Shintaro Akiyama, MD, PhD, will be completing his training at the University of Chicago Medicine under the mentorship of David T. Rubin, MD, thanks to the generous support of GIRF, further demonstrating their commitment to investing in the early career advancement of GI physicians and the future of digestive diseases research.
Akiyama, originally from Tokyo, Japan, is currently running an important study in pursuit of treatment options and a cure for Crohn’s disease and ulcerative colitis. For patients with severe ulcerative colitis, one treatment option is the surgical removal of the patient’s entire large intestine (or colon). For some of these patients, an organ called a J pouch is created from the small intestine to serve some of the same functions as the colon. However, not all J pouches work equally well, and the reasons why are largely unknown. Some patients are plagued by inflammation of the pouch (or “pouchitis”), which, just like inflammatory bowel disease, greatly impairs their quality of life. Akiyama’s work at the University of Chicago Medicine has focused on a large study of such patients, and he has examined the results of over 1000 endoscopic tests of J pouches in order to build a patient database to test hypotheses about variations in endoscopic phenotypes (i.e., the way the interior of J pouch varies in appearance, texture, etc.), demographics, and microscopic structural differences in patients with the J pouch. Through this research, Akiyama is developing a scoring system to predict J pouch outcomes, called the Chicago Score for Pouch Inflammation, the first tool of its kind.
Akiyama was also the lead author on a systematic review and meta-analysis of effective strategies to prevent chronic Clostridioides difficile (rCDI) infections in the Journal of Clinical Gastroenterology in February 2020. rCDI is an extremely common and pernicious intestinal infection, which has proven difficult to treat. Akiyama and colleagues reviewed the safety and efficacy of monoclonal antibodies toxins A (actoxumab) and B (bezlotoxumab), which have been used in combination and alone as treatments for rCDI. This meta-analysis concluded that treatment with bezlotoxumab is more effective than a placebo, and sufficiently safe to warrant its use in treating recurrent rCDI infections.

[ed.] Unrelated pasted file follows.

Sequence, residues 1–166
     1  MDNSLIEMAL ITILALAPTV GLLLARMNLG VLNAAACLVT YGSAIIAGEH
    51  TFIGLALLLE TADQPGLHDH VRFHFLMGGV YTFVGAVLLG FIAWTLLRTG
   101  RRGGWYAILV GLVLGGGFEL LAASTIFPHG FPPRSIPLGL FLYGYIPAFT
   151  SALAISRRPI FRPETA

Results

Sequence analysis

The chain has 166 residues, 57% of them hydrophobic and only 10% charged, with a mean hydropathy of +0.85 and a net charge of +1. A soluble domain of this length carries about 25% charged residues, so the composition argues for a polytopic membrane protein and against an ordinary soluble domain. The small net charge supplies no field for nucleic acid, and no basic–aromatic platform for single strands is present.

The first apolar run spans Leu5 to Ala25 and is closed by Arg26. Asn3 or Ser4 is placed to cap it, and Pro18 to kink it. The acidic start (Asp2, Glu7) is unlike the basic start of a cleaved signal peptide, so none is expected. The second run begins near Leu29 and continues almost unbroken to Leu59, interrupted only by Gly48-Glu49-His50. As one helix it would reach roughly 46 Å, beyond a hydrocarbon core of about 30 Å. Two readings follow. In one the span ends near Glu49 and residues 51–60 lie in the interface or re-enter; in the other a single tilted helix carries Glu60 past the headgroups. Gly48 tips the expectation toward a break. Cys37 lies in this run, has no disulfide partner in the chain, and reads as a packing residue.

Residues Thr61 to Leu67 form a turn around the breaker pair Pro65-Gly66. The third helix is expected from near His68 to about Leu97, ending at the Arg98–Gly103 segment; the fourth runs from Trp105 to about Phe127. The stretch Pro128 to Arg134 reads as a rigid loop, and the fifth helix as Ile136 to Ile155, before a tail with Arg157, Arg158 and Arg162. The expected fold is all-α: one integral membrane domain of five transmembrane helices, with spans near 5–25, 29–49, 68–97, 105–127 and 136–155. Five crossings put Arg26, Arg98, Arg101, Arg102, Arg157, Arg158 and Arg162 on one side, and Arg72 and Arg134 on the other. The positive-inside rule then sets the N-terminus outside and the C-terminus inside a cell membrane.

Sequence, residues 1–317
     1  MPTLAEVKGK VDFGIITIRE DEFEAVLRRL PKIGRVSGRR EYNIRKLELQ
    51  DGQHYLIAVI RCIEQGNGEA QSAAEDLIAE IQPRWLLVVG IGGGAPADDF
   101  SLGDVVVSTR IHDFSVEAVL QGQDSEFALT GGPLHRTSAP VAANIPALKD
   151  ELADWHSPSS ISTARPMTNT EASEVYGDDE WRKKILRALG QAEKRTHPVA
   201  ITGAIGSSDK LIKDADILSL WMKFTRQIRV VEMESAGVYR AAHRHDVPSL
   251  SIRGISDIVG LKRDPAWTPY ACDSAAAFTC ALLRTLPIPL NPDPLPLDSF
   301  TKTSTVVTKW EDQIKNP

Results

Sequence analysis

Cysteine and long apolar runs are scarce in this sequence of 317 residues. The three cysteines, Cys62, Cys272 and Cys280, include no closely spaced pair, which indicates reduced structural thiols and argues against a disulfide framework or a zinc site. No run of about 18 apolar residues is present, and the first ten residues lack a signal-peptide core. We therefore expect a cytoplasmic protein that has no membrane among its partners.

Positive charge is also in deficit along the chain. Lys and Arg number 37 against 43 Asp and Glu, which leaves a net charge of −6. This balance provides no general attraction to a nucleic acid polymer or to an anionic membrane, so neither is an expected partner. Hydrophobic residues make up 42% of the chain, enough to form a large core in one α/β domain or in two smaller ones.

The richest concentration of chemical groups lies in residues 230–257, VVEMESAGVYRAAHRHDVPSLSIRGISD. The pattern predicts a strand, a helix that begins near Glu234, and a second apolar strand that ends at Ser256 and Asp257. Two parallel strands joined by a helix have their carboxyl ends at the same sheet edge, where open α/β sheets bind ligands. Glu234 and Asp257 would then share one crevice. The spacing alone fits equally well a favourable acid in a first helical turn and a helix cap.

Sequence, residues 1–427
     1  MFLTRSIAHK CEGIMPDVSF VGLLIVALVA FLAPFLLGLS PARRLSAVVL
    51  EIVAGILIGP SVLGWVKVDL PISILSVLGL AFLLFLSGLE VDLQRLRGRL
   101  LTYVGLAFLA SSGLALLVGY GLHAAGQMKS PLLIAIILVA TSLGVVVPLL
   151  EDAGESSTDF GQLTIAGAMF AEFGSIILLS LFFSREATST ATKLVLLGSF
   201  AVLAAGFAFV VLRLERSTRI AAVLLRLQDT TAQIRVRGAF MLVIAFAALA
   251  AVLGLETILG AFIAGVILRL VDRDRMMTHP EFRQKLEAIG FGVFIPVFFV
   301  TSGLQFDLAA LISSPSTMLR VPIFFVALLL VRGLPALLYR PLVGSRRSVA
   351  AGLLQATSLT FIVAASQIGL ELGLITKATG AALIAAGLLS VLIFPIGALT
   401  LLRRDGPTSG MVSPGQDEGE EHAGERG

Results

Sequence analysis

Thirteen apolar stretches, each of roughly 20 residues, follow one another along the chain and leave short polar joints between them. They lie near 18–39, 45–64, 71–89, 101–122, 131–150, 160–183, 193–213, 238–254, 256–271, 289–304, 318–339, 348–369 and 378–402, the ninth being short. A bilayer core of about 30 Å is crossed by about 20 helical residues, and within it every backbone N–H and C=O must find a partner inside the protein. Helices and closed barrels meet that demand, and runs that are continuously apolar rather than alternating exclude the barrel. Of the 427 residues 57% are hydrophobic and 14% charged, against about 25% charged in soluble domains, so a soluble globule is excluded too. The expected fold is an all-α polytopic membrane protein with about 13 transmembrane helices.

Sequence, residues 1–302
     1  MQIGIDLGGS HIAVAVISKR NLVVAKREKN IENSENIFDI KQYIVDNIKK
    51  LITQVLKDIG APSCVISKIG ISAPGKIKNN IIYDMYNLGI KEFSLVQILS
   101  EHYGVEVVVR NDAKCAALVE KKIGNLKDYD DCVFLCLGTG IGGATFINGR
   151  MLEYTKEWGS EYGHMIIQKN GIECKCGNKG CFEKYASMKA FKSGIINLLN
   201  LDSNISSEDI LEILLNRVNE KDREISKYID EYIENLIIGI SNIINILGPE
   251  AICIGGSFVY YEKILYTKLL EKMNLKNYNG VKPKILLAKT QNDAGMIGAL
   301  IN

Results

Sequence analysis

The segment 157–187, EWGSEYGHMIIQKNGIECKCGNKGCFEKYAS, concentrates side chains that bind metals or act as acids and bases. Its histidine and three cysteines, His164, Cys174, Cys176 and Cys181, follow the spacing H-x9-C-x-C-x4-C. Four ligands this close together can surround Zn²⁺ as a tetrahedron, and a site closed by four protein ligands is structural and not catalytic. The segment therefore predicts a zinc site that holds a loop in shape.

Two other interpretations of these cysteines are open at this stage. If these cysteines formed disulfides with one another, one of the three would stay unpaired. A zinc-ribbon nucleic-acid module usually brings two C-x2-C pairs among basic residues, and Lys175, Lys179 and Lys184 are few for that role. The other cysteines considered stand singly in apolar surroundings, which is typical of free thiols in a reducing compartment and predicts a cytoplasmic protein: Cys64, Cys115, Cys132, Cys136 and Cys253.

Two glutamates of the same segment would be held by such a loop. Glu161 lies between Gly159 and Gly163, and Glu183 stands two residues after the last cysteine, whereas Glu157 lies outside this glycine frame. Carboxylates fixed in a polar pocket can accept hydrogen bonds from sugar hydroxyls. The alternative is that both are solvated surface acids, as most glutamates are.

Akiyama’s work in Japan centered around the investigation of stem cell differentiation using intestinal organoids, or mini-guts, grown in the lab, a novel research development that allows for many heretofore impossible scientific investigations, including testing different medical therapies for effectiveness without a human or animal host, as well as examining the impact of interventions on the organoid’s microbiome. This biotechnology is currently used in the laboratories of Eugene Chang, MD; David T. Rubin, MD; and other University of Chicago faculty in pursuit of a cure for Crohn’s disease and ulcerative colitis.
David T. Rubin, MD, Lead Scientific Advisor of the GI Research Foundation and Dr. Akiyama’s mentor explains that Akiyama’s work directly feeds into the University of Chicago Medicine Digestive Diseases ten million dollar “moonshot” program, Finding the Cause of IBD. Rubin says, “These studies are using the inflammation of a J pouch as a human model of IBD, and using it for genetic and microbiome analyses. Appropriate recognition of the heterogeneity of pouchitis and classification is absolutely foundational to these investigations. We are all indebted to Dr. Akiyama’s diligent and impressive work.”
Akiyama’s mentor, Atsushi Sakuraba, MD, PhD, Assistant Professor at the University of Chicago Medicine, seconds this, saying, “Shintaro is a valuable member of our team, and we are very pleased with his work this past year. He has learned and contributed so much to our research, and I look forward to a productive collaboration not just next year, but in the years to come. Thank you to the GI Research Foundation for making this possible.”
Ever humble, Akiyama is grateful for GIRF’s support. “I have greatly enjoyed my time at the University of Chicago and am looking forward to continuing my research projects with everyone on the IBD team. I have learned so much from my mentors— thank you to GIRF for making this possible. I deeply appreciate my wife, Minako, as well, because I cannot do research without her support. I am very grateful for this wonderful opportunity.”